These are Jojo’s burdens. His gifts include a devoted grandfather and an ability to communicate with animals and ghosts that runs in the blood. His mother can see the ghost of her slain brother — but only when she’s high. She gets high a lot.
The story is set in motion when Michael is slated for release from prison. Leonie, that walking catastrophe, decides to collect him (and perhaps cook a little meth along the way). She hauls her children along, and they unknowingly pick up a mysterious hitchhiker: the ghost of a 12-year-old boy, a former prisoner at Parchman.
In her memoir, Ward chided herself for being too fond of her characters early in her career. “I protected them from death, from drug addiction, from needlessly harsh sentences in jail for doing stupid, juvenile things like stealing four-wheel ATVs,” she wrote. “All of the young black men in my life, in my community, had been prey to these things in real life, and yet in the lives I imagined for them, I avoided the truth. I couldn’t figure out how to love my characters less. How to look squarely at what was happening to the young black people I knew in the South, and to write honestly about that.” She needed, she said, to channel her “Old Testament God.”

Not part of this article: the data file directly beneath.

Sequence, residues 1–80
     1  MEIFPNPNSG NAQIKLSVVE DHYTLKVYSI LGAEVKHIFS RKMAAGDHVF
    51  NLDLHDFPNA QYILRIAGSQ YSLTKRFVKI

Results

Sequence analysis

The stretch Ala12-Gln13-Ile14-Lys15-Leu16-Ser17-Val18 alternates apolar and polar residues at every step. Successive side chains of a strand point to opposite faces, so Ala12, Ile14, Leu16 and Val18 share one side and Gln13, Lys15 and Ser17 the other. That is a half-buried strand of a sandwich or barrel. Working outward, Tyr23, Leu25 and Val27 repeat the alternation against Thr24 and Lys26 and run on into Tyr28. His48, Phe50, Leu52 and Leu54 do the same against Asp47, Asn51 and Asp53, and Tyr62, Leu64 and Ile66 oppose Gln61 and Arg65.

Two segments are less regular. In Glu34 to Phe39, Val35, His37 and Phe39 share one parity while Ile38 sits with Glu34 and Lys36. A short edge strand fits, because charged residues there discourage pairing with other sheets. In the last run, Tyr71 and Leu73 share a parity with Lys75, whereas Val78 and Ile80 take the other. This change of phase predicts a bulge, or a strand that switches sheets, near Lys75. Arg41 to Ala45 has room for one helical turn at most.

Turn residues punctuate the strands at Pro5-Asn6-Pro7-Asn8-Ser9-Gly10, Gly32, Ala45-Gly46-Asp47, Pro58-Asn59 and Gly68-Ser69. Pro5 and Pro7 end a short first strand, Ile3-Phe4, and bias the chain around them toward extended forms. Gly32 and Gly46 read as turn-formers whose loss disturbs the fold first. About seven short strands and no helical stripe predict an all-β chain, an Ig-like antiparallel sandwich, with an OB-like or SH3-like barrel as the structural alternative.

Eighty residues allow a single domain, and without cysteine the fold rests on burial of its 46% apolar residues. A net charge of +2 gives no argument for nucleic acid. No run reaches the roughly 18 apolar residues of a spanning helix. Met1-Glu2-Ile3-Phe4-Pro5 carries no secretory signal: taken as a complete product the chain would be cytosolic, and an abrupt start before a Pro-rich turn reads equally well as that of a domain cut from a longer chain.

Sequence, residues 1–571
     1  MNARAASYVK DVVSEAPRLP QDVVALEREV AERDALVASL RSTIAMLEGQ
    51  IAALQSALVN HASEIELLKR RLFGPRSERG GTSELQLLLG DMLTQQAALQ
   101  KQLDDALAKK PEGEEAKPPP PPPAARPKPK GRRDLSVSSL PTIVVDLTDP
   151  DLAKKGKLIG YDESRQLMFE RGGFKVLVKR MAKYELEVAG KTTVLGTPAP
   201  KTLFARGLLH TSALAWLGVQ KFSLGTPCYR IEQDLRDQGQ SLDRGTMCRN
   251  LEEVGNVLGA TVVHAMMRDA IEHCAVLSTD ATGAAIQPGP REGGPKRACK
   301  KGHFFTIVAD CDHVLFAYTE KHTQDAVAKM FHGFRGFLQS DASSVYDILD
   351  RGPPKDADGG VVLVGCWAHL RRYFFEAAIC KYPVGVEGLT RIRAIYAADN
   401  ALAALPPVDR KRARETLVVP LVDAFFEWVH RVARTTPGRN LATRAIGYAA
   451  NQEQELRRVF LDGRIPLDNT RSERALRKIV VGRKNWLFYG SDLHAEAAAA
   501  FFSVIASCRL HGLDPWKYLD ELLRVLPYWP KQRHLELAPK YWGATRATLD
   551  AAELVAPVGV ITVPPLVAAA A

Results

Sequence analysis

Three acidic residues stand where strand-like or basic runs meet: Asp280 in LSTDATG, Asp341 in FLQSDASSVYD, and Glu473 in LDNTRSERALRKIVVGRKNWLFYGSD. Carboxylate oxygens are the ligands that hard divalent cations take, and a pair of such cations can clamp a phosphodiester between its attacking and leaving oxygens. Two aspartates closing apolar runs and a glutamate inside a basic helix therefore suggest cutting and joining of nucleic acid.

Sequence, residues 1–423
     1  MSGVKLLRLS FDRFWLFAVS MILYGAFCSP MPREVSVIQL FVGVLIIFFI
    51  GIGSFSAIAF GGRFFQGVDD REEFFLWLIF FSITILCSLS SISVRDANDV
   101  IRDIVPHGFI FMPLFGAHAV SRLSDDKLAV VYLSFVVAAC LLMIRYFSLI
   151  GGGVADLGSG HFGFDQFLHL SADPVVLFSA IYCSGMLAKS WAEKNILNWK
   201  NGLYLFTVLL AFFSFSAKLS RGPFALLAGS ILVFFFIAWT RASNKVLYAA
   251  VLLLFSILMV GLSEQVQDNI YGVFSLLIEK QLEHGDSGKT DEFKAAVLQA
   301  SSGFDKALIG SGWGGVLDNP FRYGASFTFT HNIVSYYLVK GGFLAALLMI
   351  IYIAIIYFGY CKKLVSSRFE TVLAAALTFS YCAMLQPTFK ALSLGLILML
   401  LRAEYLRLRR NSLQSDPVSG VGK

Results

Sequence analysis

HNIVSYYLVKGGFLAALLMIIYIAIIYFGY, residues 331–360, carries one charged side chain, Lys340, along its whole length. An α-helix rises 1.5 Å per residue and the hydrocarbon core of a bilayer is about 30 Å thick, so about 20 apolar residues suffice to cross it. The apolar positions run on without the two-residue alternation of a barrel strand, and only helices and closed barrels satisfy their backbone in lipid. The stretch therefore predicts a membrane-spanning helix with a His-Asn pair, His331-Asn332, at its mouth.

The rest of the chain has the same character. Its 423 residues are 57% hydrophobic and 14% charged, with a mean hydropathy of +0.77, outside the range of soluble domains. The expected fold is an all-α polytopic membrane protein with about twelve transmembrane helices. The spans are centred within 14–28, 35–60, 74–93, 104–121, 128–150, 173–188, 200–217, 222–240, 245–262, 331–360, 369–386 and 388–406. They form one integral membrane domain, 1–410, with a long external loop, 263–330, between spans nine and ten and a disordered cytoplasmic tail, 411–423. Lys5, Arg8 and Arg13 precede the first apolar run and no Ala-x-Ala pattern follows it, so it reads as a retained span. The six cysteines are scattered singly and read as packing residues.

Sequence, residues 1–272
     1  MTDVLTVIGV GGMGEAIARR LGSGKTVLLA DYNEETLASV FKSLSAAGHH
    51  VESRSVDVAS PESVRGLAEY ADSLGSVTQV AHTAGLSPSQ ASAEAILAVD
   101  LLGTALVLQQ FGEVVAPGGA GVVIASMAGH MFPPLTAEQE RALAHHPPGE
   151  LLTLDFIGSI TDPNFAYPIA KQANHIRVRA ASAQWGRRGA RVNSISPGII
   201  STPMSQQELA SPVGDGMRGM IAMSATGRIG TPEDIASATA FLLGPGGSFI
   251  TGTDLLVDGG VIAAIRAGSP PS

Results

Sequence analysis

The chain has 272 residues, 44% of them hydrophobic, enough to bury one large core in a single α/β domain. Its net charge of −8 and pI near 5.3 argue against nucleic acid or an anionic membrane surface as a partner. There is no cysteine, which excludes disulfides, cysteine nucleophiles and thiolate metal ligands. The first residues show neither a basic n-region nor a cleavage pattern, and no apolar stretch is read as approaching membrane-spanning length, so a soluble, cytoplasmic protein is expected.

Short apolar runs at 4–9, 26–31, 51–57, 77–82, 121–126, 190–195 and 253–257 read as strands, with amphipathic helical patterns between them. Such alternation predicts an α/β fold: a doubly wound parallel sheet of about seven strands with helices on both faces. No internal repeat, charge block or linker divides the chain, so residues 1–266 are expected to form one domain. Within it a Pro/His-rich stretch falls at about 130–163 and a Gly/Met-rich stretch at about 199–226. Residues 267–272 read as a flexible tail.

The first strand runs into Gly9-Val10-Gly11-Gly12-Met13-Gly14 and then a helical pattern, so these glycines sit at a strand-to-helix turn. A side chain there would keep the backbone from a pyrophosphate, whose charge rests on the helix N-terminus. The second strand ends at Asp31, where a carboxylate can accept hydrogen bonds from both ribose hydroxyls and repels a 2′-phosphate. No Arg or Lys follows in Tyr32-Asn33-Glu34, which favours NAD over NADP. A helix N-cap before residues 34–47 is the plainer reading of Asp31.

I’m happy to report that He is fully in evidence in this novel. It is Ward’s most unsparing book. Leaving aside the instances of explicit violence, the scenes featuring the hunger and confusion of small children are almost physically unbearable.
This isn’t to say that there aren’t missteps. Any writer trafficking in such lofty Faulknerian themes (“love and honor and pity and pride”) risks melodrama, and Ward can get positively melismatic when she strains for poetic effect. “I claw at the air, but my hands strike nothing; they rend no doorways to that golden isle. Absence. Isolation. I keen.”
But we can forgive a few of these excesses. With the supernatural cast to the story, everything feels heightened. The clearest influence is Toni Morrison’s “Beloved” — the child returning from the dead, bitter and wronged and full of questions. The echoes in the language feel like deliberate homage. Just as Beloved looks at her mother with bottomless hunger, so too does the little ghost in “Sing, Unburied, Sing” approach Jojo’s grandfather. He steps “closer and closer to Pop, and he’s a cat then, fresh-born, milk-hungry, creeping toward someone he’d die without.”
What do these ghosts want — and why is literary fiction suddenly so full of them? (See: “Lincoln in the Bardo,” by George Saunders; “White Tears,” by Hari Kunzru; “Grace,” by Natashia Deón; “The Underground Railroad,” by Colson Whitehead.) It’s the past that won’t stay past, to paraphrase Faulkner. The ghosts — most of them, at any rate — want to rest, but they need restitution first. They need to know what happened to them, and why. It’s the unfinished business of a nation, playing out today in the calls for the removal of statues of Confederate soldiers and in the resurgence of the Klan.
What does it mean to come to terms with history, according to Ward’s bracing book? It’s to recognize the preposterousness of the question. “We don’t walk no straight lines,” Jojo’s grandmother tells him on her deathbed. “It’s all happening at once. All of it. We all here at once.”
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